Stem cell restores sight to blind


Russell Turnbull, 38, suffered massive damage to his right eye when he was caught in a scuffle after a night out in Newcastle in 1994. On the bus home, Turnbullgot caught in a fight and was injured when one of them began squirting passengers with ammonia.
The chemical severely scarred his cornea, the clear membrane that covers the front of the eye, and destroyed stem cells that usually help keep the cornea healthy.
“I was in unbearable pain. It burned my eye shut,” Turnbull said. He was left with Limbal Stem Cell Deficiency (LSCD), a condition that seriously impairs sight, and was in pain every time he blinked or saw bright lights.

In an experimental treatment devised by doctors at the North East England Stem Cell Institute in Newcastle, stem cells were taken from Turnbull’s healthy eye and grown on a layer of amniotic tissue, which is routinely used as a burn dressing. The NHS banks amniotic sacs donated by women who have had a Caesarean section.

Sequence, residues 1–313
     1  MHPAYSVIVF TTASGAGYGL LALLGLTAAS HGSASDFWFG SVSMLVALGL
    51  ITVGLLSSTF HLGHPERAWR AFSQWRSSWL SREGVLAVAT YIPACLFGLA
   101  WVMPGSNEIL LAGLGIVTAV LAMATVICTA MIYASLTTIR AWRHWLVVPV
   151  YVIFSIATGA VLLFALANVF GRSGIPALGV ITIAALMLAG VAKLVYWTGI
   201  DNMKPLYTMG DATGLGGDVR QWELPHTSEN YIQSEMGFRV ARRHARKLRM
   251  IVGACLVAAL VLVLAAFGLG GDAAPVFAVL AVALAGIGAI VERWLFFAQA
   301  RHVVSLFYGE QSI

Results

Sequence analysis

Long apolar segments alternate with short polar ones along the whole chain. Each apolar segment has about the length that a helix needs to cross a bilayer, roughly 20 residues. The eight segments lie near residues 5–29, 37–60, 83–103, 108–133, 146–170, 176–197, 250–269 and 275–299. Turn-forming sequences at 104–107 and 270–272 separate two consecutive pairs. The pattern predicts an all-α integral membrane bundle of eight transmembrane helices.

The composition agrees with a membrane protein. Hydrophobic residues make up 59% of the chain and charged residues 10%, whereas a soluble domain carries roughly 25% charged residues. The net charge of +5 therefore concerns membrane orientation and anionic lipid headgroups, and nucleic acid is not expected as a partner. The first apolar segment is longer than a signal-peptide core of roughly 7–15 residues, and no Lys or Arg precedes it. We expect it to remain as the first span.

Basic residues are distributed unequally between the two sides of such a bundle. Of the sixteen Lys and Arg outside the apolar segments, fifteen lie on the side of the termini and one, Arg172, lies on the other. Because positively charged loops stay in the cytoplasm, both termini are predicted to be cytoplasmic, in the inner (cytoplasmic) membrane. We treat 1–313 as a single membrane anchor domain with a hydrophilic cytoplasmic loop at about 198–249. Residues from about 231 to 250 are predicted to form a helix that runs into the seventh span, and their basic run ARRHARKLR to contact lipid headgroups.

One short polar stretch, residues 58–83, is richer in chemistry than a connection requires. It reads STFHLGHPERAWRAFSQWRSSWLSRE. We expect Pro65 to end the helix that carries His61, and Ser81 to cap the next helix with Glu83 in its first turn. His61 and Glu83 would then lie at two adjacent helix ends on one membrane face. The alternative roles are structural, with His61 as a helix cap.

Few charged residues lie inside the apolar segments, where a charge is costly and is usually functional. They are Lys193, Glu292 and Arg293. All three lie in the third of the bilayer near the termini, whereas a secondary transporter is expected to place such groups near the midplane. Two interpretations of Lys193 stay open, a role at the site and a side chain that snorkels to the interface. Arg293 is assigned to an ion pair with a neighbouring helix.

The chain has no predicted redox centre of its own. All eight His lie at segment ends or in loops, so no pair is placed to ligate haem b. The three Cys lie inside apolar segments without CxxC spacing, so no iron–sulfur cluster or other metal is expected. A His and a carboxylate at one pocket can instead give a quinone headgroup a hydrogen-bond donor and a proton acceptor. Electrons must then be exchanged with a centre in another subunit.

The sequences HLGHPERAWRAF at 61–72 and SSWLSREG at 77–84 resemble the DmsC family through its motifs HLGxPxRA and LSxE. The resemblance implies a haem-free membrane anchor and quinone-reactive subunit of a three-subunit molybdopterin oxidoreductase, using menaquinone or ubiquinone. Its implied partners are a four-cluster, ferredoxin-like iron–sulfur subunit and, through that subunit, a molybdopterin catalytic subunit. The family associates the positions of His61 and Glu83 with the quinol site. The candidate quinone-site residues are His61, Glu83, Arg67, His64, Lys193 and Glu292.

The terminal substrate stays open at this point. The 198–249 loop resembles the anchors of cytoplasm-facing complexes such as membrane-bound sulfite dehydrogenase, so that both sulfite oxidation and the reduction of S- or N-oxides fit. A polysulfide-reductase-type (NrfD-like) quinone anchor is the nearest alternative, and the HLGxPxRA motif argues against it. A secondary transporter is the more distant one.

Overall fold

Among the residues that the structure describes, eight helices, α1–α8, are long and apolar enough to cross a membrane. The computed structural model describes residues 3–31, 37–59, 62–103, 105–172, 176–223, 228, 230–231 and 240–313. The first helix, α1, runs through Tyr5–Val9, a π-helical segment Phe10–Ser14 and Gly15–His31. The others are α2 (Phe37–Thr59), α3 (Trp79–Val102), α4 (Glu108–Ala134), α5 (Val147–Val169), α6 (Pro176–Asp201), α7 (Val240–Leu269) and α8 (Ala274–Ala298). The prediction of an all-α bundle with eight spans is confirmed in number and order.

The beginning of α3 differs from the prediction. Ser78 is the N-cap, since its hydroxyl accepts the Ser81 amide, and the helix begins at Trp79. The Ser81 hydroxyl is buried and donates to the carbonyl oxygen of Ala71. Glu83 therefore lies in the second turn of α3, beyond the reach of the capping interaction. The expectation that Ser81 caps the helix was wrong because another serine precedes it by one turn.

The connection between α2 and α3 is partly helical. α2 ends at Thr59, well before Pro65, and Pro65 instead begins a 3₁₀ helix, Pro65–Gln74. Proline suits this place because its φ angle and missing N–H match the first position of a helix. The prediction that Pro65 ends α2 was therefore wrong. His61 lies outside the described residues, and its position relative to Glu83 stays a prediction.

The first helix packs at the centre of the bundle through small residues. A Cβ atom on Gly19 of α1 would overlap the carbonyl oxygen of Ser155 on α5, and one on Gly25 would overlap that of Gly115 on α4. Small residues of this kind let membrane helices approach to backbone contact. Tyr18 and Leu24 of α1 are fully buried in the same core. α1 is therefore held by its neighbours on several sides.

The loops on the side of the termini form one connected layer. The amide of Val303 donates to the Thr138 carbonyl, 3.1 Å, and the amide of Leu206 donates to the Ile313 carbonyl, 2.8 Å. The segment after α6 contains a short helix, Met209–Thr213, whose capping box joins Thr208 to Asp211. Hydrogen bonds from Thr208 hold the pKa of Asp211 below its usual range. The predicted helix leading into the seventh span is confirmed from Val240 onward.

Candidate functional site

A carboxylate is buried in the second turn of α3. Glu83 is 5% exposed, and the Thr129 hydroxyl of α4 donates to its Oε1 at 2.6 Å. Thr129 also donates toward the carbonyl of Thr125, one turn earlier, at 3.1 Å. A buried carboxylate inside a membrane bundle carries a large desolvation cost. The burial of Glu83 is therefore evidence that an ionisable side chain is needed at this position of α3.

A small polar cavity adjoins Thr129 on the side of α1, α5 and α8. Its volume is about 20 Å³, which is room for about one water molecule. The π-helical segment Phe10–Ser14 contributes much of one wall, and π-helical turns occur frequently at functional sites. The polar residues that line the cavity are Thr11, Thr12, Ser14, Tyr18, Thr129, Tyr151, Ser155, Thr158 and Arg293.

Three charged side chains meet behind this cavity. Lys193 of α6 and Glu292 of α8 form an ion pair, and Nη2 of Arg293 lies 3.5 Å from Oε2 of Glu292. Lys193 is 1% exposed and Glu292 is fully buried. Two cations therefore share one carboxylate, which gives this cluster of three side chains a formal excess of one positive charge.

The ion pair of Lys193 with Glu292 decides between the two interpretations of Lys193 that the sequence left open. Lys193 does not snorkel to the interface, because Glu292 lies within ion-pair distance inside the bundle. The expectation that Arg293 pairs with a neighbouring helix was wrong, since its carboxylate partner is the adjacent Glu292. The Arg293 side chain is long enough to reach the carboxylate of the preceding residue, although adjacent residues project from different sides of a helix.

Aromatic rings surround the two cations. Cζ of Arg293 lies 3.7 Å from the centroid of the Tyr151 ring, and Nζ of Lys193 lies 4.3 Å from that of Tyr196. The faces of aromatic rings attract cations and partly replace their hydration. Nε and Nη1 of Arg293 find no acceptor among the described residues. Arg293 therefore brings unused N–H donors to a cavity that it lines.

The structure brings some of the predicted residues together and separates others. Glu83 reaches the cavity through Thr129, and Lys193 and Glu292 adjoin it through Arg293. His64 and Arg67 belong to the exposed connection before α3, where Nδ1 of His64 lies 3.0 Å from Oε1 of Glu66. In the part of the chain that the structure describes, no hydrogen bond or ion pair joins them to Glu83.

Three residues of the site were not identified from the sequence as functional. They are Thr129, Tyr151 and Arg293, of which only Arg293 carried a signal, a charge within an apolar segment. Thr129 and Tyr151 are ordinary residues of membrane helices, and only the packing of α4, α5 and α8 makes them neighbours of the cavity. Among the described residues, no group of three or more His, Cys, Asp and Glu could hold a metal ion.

When the cells had covered the membrane, a piece the size of a postage stamp was transplanted onto his damaged eye. Two months later, the membrane had broken down, leaving his damaged eye with a fresh supply of healthy stem cells, which repaired the cornea. Eye tests six months after surgery showed that Turnbull’s vision was nearly as good as it had been before the attack.

Doctors treated seven other patients with LSCD. Some of the patients fully regained their eyesight, while others had more serious damage and experienced only limited improvement in their vision.

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